As an activist, one of my guiding principles is that, according to the Declaration of Independence, the purpose of government is to secure the rights of the people. At the heart of that purpose is the notion that it is the people, not government, that know best what they want, need and should have.
For this reason, politicians pay more than just passing service to the practice of checking with constituents for their input, especially when the issues are big. Which makes it all the more confusing to note that Nashville Mayor Karl Dean, especially when it comes to the big issues, has purposely refused to consult with or consider the expressed wishes of the citizens of Nashville.
The very first time he did so, he wasn’t even Mayor. As the attorney for the city, he advised that the proposed amendment of the city’s charter to require a vote of the people to raise property taxes over a specified amount was unconstitutional. The numbers from the time showed that 77% of Nashvillians thought it was a great idea. The Supreme Court had upheld similar notions. Dean has never backed off his opinion.
Once elected Mayor, he continued in this theme. His first major test was the downtown Convention Center. Again, despite numbers of Nashvillians opposed to the matter reported to be in the 75% range, Mayor Dean rammed the measure through the Council anyway. Years later, no one has forgotten and the Convention Center remains a sore spot and point of contention between Hizzonor and citizens.
Next up was the Fairgrounds. This time Nashvillians were more aware of their Mayor’s proclivity for ignoring them when he wanted something. The Mayor wanted to sell the Nashville Fairgrounds and turn the area into even more greenway. Despite an avalanche of phone calls and protests, the Mayor continued to push ahead against a groundswell of opposition that eventually made it a campaign issue for 2011 Metro Council races.
The Mayor lost this fight when, on the final reading of the bill to sell the beloved location, literally thousands of Nashvillians descended on the Council. No room remained in the Council chambers and each floor of the courthouse was occupied by multiple hundreds of citizens opposing the sale. Despite the Mayor’s wishes, the Council listened to the people and the issue failed to pass.
That made the Mayor 1 and 1.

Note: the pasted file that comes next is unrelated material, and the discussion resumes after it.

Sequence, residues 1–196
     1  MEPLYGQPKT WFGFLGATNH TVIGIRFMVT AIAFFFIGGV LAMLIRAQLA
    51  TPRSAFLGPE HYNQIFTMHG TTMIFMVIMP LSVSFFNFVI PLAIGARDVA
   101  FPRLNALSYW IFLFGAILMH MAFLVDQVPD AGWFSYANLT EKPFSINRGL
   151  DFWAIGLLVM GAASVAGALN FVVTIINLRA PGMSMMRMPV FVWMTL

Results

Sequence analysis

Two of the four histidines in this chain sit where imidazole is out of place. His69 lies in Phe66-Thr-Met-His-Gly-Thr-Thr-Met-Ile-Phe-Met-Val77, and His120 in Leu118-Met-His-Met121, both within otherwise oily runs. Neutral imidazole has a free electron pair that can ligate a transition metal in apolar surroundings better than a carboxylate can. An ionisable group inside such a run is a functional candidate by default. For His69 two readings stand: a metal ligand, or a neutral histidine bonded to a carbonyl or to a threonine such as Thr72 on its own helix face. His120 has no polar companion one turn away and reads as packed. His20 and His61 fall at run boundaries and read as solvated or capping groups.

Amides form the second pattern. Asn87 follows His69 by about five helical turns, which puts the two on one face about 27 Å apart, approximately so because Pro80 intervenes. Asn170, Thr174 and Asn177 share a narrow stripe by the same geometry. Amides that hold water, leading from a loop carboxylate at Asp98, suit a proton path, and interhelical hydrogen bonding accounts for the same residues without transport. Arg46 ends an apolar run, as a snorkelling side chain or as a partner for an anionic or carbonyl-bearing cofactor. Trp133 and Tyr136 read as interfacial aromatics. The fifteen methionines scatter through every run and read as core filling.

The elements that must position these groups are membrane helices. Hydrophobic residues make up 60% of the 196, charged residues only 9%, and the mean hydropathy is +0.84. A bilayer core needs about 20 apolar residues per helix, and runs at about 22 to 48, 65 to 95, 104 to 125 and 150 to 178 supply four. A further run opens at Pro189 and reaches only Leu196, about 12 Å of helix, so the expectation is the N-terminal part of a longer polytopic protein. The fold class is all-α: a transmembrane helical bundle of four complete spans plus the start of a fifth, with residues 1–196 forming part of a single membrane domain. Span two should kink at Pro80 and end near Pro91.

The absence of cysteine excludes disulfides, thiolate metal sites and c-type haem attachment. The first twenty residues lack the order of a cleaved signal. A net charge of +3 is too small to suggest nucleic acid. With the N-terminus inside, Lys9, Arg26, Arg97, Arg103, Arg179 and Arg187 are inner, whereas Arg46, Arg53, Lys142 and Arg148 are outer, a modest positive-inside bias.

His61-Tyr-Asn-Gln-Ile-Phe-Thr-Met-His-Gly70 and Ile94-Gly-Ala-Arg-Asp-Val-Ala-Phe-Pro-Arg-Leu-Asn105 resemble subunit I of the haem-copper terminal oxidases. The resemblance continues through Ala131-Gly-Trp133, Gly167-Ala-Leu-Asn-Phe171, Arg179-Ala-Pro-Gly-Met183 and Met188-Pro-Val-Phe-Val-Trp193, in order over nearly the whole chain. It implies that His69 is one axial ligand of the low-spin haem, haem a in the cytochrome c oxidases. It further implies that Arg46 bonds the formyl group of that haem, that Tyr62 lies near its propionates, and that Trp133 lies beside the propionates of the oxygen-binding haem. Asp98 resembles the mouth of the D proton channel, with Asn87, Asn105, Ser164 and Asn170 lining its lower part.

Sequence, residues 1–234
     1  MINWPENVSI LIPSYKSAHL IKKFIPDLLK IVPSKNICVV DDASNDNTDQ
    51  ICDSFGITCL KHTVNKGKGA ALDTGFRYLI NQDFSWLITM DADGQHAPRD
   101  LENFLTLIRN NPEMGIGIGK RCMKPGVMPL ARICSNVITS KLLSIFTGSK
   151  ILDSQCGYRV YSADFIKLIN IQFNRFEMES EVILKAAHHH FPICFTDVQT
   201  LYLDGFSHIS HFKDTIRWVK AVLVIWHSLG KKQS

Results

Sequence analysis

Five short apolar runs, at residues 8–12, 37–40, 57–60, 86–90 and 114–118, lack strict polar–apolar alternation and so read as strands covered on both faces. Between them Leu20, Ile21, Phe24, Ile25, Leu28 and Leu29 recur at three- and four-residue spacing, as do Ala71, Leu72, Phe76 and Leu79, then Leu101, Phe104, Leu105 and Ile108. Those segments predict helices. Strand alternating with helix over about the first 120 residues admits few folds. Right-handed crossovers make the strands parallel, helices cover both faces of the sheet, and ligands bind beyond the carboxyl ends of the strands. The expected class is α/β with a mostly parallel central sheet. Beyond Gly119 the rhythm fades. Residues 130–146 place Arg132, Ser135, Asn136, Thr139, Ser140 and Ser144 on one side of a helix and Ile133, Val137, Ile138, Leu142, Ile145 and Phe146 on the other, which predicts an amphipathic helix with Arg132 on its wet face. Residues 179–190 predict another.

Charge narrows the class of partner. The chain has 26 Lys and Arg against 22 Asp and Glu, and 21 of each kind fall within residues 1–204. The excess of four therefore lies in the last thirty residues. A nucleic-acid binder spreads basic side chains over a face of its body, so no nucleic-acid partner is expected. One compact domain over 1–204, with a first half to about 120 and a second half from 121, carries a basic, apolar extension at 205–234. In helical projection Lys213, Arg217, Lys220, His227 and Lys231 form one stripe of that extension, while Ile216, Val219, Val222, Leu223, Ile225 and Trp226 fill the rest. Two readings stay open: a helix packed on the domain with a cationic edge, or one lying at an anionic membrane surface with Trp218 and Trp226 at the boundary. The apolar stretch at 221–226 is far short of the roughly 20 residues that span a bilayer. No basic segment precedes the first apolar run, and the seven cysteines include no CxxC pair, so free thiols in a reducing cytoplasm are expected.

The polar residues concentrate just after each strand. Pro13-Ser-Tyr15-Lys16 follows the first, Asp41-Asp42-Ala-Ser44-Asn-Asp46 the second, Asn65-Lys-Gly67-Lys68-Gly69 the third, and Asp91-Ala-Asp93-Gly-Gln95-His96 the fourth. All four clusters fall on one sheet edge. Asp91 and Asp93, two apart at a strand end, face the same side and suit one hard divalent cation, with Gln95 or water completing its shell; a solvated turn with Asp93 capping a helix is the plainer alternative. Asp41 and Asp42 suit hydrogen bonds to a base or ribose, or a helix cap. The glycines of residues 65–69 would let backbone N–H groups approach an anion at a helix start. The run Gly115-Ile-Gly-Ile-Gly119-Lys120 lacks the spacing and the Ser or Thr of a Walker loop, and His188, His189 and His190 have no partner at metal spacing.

Now the issue is the Mayor’s $0.53 property tax hike; the largest tax increase in Nashville history. The Mayor’s biggest announced purpose for the increase is to give teachers and Metro employees raises. Metro employees are to get 2%-4% raises. Some teachers, recently hired at $35,000 will see their pay jump to $40,000, an almost 15% increase. The response of Davidson County taxpayers was immediate and clear.
DO. NOT. DO. THIS!
Had Mayor Dean talked to his city, he would have known we would respond this way. He had months to prepare his budget. He could have invited those paying the bill to be part of the discussion. He could have laid out his plan early and made his case to taxpayers. We are not unreasonable people. If we absolutely MUST have this, explain why and we will understand. We are smart enough to recognize necessity when it comes calling. He did not.
Instead, despite being publicly asked for well over a year about his intentions concerning a property tax increase, the Mayor “Aw, shucks-ed!” his way out of addressing what has clearly been his long term intent. He waited until May 1 to announce his intentions fully aware the matter had to be resolved by 6/30 by law. He delayed two more weeks in providing the Council the information needed for any alternative budgets.
This served to limit both the debate itself and the time available for it. Clearly, the Mayor was hoping to avoid having to deal with the people of Nashville. It is yet another ignoring of Nashville citizens and taxpayers.
The last time the Mayor went up against the people, he got his ears pinned back. He wants this tax increase badly. Speculation is that he sees it as a step to running for higher office after his term as Mayor is over. Having bought the votes of thousands of teachers and Metro employees would serve his campaign well. But to get it, he has to bypass the rest of Nashville that aren’t getting perks and raises but will be forced to endure pay cuts to pay for them.
Mayor Dean could have talked to us and treated us like adults. He did not. Instead, he is treating us like ATMs. It’s the way he’s interacted with us for all his political life that I can recall. The question is, “Why?”